I was only 14 when this was released in 1974 so, like many of us, it completely passed me by. But now, with the release of this “official” plugin I have had the chance to explore it and also to set up permanent (default) links for Novations FLKey series of keyboards for FL Studio which I am outlining in the post 🙂
The idea here is to offer the “most useful” parameters at your fingertips via the 8 VPOTS on the FLkey keyboards. To do this I have taken a leaf from Rolands Zenology and look to offer the following as defaults for each VPOT:
- Release /Decay
- Effect 1 (Delay)
- Effect 2 (Reverb)
- Relative level.
It’s worth starting with this excellent overview of the original SEM and its new plugin descendent:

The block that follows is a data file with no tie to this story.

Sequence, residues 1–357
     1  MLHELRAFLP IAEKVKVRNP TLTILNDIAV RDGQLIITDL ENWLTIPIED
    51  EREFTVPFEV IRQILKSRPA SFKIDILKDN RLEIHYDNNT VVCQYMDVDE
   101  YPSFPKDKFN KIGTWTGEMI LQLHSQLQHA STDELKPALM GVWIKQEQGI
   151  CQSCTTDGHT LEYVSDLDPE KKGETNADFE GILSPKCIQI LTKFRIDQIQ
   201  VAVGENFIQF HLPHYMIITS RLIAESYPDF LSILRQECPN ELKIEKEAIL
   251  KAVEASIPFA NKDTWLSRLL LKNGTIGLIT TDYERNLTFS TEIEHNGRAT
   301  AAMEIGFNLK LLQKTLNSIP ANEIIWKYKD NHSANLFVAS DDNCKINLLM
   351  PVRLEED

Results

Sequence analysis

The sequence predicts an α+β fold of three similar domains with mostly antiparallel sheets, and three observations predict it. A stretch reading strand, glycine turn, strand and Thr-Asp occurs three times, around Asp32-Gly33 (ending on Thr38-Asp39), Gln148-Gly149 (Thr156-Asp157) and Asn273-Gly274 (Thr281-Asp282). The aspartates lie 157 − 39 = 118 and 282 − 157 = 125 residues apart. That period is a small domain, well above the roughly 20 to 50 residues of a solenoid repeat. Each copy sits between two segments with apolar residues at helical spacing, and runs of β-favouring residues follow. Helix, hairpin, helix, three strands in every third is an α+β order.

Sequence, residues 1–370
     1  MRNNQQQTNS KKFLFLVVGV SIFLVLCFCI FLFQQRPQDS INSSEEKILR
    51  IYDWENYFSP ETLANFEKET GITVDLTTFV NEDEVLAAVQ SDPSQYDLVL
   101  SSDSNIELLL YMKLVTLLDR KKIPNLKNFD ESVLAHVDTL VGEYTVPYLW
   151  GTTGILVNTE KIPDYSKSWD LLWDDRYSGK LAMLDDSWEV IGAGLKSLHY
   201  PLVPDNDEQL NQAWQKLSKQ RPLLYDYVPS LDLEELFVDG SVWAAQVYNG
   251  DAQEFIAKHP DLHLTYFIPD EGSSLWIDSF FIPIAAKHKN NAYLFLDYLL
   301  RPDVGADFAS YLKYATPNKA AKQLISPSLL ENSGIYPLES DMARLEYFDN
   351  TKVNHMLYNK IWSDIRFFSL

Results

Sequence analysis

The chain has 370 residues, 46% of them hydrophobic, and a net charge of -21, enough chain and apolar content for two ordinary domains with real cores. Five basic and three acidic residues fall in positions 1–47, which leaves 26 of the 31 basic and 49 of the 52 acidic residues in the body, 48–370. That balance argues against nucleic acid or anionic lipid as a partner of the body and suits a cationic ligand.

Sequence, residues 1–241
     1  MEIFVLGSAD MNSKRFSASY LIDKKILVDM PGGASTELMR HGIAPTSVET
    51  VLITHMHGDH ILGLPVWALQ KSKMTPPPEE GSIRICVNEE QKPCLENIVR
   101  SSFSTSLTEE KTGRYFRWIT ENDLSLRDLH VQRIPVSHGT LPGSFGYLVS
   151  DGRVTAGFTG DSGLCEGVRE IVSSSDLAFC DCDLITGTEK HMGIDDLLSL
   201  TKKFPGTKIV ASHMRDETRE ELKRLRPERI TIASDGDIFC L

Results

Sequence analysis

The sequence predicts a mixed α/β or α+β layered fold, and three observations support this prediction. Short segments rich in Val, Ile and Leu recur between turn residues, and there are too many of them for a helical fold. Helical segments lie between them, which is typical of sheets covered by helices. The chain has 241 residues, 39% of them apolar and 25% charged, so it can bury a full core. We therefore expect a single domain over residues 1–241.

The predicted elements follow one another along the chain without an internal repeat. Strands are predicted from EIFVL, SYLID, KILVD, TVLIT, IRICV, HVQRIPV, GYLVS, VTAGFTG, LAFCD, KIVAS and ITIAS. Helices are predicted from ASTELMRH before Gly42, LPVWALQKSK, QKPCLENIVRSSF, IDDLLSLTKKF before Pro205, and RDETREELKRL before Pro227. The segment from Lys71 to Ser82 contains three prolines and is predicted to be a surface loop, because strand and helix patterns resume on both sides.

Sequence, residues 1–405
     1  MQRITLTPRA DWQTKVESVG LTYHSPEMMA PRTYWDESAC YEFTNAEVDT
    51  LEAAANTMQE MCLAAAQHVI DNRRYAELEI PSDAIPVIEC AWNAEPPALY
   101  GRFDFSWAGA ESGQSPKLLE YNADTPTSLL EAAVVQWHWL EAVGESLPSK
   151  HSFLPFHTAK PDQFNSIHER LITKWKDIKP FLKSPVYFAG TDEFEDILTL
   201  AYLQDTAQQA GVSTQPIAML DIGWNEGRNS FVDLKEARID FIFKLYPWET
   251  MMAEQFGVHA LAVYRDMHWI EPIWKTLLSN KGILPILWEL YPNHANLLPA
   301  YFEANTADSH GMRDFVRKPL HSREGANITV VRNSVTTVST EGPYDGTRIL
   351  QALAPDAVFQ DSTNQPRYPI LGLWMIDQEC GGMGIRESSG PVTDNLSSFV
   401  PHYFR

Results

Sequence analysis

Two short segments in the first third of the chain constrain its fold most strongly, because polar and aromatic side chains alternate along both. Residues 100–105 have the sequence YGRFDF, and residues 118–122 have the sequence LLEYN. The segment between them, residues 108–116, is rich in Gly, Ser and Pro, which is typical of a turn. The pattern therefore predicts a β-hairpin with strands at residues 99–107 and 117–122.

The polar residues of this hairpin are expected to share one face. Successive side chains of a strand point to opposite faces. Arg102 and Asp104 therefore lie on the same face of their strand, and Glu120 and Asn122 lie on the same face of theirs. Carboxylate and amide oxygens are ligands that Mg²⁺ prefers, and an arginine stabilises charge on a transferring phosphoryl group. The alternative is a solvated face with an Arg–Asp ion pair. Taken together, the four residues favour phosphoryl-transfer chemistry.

The SEM in use using the FLkey 37 keyboard:
One of the nice things about the FLkey 37 (and larger) keyboards is the naming of each paparmeter on the LCD – while it is useful to have the pseudo-standard set of parameters (as outlined above) sometimes they are not approriate and being able to see specific mapping names can be a god send when you are working at full tilt (as an example VPOTS 6 and 7 – the “effect” mappings are named specifically as “Delay” and “Reverb” for the SEM, likewise, many early sysnths do not have a full ADSR envelope and in this case the Decay stands in for the Release position on the standard VPOTs
I enjoyed playing with the SEM and I look forward to having the opportunity to link other GForce plugins to the Novation FLkey keyboards!
In the meantime, The Oberheim SEM plugin can be downloaded (a trial is available) from: